Tolerating uncertainty and managing people in a changing environment requires managers and executives to pay more attention to people. Skills need to be constantly developed. Uncertainty will never go away and it has, in fact, become a part of the new normal.
We now have a better understanding of the resilience (psychological flexibility and the capacity for recovery) of teams and have started to understand the importance of this for the success of an organisation as a whole. People with tenacity and perseverance are in demand. Everyone wants to hire them, more and more of them.
Resilience is a Skill
We used to think that resilience is a personality trait, but it is not: it is something that can be learned, to a degree at least.
But what can you do if you don’t feel very resilient, or it is obvious that your team or some of its members are not among the toughest? Do adversity and criticism hit hard, and does it take too long to recover from disappointments?
The first thing to do is to check the practical matters. How is work organised, do its complicated processes and outdated practices put a strain on the employees? A heavy work load weakens a person’s ability to tolerate uncertainty and to take on and deal with adversity. Should the work load be reduced?
How can resilience be strengthened?
Even when the situation is very uncertain, you are expected to flourish and help everyone else flourish. We need to believe in success. We need a feeling that we are in control that is not based on predictability but on our competence, courage and ability to cope. We need relationships that are supportive.
Showing appreciation and empathy are practical ways of giving support. People can work miracles when they receive support and others have faith in them and challenge them compassionately.
From the perspective of leadership skills, we talk about so-called deep-level skills, i.e. recognising and managing emotions, both our own and those of others. You can only manage emotions efficiently if you are sincere and there for others.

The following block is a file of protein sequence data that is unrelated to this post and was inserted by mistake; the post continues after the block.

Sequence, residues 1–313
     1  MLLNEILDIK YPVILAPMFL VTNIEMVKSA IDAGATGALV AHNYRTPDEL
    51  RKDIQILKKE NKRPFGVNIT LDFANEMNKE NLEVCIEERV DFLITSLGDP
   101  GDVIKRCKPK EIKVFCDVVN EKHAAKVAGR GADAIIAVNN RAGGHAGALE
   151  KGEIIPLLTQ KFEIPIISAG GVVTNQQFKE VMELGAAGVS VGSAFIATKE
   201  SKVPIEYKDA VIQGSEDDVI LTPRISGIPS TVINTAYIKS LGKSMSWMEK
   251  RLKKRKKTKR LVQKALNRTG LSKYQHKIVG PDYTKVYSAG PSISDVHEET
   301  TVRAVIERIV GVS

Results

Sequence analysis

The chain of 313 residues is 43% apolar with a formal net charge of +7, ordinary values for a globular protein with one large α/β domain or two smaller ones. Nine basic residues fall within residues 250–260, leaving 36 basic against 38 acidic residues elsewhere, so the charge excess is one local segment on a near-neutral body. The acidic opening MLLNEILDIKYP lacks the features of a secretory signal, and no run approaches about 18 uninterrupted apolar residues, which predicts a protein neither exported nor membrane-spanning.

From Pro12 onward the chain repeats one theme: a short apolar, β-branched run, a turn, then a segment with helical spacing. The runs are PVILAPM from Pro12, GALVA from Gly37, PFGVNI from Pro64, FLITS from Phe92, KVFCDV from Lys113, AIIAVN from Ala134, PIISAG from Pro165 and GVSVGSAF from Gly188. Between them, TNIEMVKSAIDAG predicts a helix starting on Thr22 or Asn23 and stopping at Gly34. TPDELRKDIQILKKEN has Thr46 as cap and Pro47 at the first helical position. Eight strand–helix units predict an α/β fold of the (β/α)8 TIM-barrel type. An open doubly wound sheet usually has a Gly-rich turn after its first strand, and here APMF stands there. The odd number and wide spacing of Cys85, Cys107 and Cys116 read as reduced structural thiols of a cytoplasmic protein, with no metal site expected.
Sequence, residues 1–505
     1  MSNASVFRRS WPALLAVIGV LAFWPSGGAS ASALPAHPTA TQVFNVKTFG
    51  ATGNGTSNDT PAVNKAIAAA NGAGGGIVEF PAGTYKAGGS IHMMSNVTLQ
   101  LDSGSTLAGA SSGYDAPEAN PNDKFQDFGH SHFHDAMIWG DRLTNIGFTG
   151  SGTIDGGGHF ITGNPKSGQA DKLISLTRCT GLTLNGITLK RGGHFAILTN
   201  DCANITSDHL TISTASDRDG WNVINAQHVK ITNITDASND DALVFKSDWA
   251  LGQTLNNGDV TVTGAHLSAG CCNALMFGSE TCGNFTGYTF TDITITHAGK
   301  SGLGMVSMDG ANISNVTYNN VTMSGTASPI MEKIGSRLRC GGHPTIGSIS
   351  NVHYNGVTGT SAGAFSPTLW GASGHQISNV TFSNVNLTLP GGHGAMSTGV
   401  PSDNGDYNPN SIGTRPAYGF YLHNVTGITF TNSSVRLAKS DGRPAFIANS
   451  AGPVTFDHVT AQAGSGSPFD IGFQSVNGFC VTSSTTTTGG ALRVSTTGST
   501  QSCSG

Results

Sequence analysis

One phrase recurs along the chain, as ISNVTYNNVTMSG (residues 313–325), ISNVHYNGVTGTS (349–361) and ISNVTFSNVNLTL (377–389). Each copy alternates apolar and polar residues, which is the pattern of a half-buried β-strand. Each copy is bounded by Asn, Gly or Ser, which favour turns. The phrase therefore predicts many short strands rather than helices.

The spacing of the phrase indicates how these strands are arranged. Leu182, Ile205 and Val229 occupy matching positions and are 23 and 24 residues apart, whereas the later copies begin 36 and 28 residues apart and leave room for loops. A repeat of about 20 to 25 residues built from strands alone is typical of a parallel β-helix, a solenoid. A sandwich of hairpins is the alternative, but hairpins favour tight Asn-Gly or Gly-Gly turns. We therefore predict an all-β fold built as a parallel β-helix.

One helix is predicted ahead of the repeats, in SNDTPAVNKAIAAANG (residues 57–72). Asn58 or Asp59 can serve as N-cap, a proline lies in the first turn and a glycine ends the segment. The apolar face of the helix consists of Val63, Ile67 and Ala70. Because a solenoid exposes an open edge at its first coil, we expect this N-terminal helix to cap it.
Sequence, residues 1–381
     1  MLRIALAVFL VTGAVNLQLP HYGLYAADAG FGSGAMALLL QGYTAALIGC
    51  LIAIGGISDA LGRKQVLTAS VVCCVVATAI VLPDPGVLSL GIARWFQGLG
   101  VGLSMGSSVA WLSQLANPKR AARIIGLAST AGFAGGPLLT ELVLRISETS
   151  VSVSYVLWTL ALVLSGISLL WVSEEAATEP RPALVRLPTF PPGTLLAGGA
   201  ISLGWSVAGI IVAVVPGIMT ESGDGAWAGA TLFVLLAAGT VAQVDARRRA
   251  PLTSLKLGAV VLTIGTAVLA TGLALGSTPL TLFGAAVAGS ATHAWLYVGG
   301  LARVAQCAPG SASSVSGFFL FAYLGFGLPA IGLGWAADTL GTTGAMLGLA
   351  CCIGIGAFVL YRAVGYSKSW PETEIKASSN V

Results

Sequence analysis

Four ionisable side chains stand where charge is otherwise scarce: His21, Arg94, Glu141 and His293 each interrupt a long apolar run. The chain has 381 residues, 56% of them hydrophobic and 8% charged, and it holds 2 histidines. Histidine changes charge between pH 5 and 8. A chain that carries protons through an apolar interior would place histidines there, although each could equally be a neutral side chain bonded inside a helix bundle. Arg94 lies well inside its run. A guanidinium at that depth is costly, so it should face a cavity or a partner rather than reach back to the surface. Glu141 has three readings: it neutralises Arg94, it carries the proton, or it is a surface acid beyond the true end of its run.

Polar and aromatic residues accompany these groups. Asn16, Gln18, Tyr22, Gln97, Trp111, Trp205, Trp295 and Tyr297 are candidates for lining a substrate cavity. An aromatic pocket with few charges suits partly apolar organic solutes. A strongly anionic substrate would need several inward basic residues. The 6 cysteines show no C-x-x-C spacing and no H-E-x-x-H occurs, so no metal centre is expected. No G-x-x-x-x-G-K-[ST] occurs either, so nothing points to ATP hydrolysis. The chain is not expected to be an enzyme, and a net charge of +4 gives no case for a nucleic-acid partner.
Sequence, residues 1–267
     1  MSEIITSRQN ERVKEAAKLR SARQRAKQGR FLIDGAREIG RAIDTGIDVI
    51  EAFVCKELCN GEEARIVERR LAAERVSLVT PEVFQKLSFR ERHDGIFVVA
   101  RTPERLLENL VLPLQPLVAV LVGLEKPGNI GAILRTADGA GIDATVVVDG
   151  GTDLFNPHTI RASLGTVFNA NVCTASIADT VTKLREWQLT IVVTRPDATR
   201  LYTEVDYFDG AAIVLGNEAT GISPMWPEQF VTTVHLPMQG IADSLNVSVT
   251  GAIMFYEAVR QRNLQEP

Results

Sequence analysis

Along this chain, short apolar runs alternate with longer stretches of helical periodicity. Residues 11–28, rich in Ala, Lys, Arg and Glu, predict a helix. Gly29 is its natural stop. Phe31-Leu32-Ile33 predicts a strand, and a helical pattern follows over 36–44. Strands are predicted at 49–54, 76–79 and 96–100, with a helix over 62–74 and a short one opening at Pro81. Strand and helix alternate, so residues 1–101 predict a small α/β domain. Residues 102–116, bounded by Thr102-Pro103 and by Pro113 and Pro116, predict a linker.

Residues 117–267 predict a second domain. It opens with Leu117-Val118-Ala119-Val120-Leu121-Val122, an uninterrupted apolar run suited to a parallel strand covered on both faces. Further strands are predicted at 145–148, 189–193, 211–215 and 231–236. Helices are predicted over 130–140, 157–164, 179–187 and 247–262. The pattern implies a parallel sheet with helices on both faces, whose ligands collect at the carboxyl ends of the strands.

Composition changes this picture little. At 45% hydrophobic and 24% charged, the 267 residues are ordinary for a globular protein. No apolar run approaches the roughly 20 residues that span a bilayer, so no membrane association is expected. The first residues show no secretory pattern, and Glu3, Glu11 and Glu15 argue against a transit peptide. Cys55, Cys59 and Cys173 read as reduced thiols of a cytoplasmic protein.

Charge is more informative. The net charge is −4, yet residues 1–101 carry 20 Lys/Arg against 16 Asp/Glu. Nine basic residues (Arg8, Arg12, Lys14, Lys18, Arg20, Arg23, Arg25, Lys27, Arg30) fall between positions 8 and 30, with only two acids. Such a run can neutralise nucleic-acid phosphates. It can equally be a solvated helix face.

Emotions are associated with fears and beliefs that must be tackled before development of skills can succeed. For instance, if you believe that emotions should not be a part of the workplace or shown at work, the first thing to do is to allow yourself to forget this harmful stance.
Here are a few ways that will help anyone learn how to identify emotions and use their leadership skills:
- Start your self-improvement journey by writing down your emotions a few times each day. If you cannot find the words, identifying whether you are feeling good, bad or something else is enough to begin with.
- Next, try to identify other people’s emotions and write them down. Also write down the situation where you observed the emotion. Look inside yourself in order to empathise with the other person’s emotions. Don’t go along with these feelings but try to understand why the other person feels like they seem to be feeling.
- Note the other person’s emotions in the form of a question. Are the feelings what you think they are? Do not talk too much, just be present and listen. Look at the person but do not stare. Put away your phone and computer. Respect the other person’s experience and try to learn from it.
- Find daily moments to encourage others by telling them that you have faith in them. Find your own words, be genuine. Show that you care. But do not enter a situation where you are not wanted, be overly friendly or intrude, or speak as you would to a child; remember that you are the manager.
Keep learning to become a more ethical leader. Read the guide Why should you improve your ethical leadership skills and how to do it?